Leaving Malaysia...in a minivan

Trip Start Aug 25, 2003
Trip End Jul 23, 2004

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Flag of Malaysia  ,
Monday, October 6, 2003

It was hard to leave the Cameron Highlands. Made that much harder by the struggle of prying Phil's fingers from the doorjamb of our room in Barrack #5 at Father's Guesthouse. Ok, he wasn't that difficult to convince we had to leave the cool days of the hill station, but the difference, once we descended, was instantly hotter. Phil still misses the Cameron Highlands...
There are two main towns in the Cameron Highlands: Tanah Rata, and Brinchang, 4 km farther up the hill. We stayed, as most people do, in Tanah Rata. It's a big "backpacker hub"; this means, basically, that most restaurants have pancakes on the menu. Father's Guesthouse is a little ways out of town, near the local convent. The rooms are in World War II barracks of unsure origin; it gave the sleeping experience some atmosphere. They reminded me of metal soup cans, half buried. We spent a day exploring town, and another day hiking in the surrounding jungle with a fantastic Vancouverian, Sarah; I thought she was great even before she forgave me for not knowing north from south, but that really earned my eternal admiration. I have since permanently revoked my own navigation rights for the remainder of the trip. Phil and I also got a ride to a tea plantation and walked the 9 km (downhill; honesty is the best policy) back to Brinchang. Cameron Highlands is a perfect relax and recharge place; we had planned on staying two days, and ended up chilling for five. Which was a good choice, because our next stop, Ipoh, was deeply emotionally demanding and strained our marriage to it's limits.

How was that for compelling drama? Ipoh the town wasn't so bad, but we had a mosquito-and-bedbug tagteam infestation in our flophouse room that night, and they only ever bite me, which they did quite a lot, and this made me very very crabby. But we had had a good day before that, with successful (meaning right bus on the first try, with no embarrassing ticket-buying faux pas) local bus rides to Kellie's Castle (big house only partially finished because of the untimely death of the ownerand now you can wander around the ruins and climb up to the roof, where there aren't any silly guardrails; I love societies free of litigation-crazy people) and back towards Ipoh. Well, almost to Ipoh. We had gotten off the bus to explore one of the cave temples south of Ipoh; it was closed, so we headed back to the road to catch a bus, except none would stop (still have not figured out why; perhaps word spread about Phil's sandals smelling like burnt popcorn). So, we started walking the 3 miles back to Ipoh; it got dark and the sidewalks in Malaysia are...inconsistent, which made walking on them a guessing game of "is that a piece of cement or a hole through which I will plummet 6 feet into the sewer?" Fortunately, our high stakes game of death by open sewage pit was cut short by the arrival of our own guardian angel, Das. A Indian Malaysian, he told us that it was not safe to walk on the sidewalks at night and he would drive us home. When he stopped to drop off some papers (he was some kind of market delivery guy), he bought us cans of Coke, then drove us to the door of our hotel. Phil offered him money, for the soda and the ride, and he said, "God has given me the chance to help you." We love Das.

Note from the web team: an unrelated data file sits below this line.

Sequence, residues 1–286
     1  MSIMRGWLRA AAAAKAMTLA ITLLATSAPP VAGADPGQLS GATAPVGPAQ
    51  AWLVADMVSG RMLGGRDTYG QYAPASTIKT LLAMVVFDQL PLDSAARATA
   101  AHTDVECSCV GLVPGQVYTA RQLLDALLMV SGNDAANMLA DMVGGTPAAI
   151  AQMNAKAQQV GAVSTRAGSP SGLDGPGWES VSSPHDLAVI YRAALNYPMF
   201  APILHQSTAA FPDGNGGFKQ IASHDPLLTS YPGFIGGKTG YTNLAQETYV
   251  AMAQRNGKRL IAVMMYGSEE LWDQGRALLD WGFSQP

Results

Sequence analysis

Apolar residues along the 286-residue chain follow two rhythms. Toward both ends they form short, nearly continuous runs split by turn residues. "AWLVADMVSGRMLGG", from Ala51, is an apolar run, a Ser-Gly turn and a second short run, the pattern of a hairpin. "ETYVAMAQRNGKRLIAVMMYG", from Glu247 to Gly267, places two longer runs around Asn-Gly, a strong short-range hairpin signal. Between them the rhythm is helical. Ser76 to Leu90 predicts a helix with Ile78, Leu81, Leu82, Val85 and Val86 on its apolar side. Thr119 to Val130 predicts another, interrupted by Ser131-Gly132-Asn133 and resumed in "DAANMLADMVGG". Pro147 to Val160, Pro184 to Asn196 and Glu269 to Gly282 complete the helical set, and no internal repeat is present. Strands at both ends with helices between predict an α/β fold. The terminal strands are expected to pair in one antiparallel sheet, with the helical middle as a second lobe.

The next morning, after the Sarah Buffet for Nasty Bity Things, we took a local bus to Kuala Kangsar, and saw the coolest mosque in Malaysia, the Ubidiah Mosque. The color scheme is gold onion domes and black and white striped spires; it is just a very photogenic mosque. A few minutes walk past the mosque is the sultan's palace, which is surrounded by a high wall, but otherwise, is pretty settled in suburbia, surrounded by normal Malaysian houses. We don't have any royalty in the States, but imagine if the White House was kind of plopped down in the middle of a neighborhood in, say, Ferndale, Michigan, and you can get the idea.
From Kuala Kangsar, we took a bus to Butterworth, and then the ferry to Penang Island. I remarked to Phil, "It feels cooler, and the sky is pretty cloudy. I wonder if we'll get any rain?" And then it poured for four days, and the water drains flooded, and the streets flooded, and we discovered that rats can swim. Judging from their general attitude, I'm pretty sure they don't enjoy it, but they possess the skills. We waded around Georgetown, saw "2 Fast 2 Furious" (wow...it's really bad), and ate four times a day in Little India, hoping the rain would let up so we could...take some pictures or something. Today, it only sprinkled so we went to Kok Lok Si temple and I took 50 pictures of the turtle pond, to make up for the previous four days. Five days was too long for us here; Georgetown is a really easy city to get around (when it isn't flooded), but it's still the small towns we've been in that I like best.

Tomorrow we are headed to Hat Yai, in Thailand, in a minivan. Sometimes, it does seem too easy.
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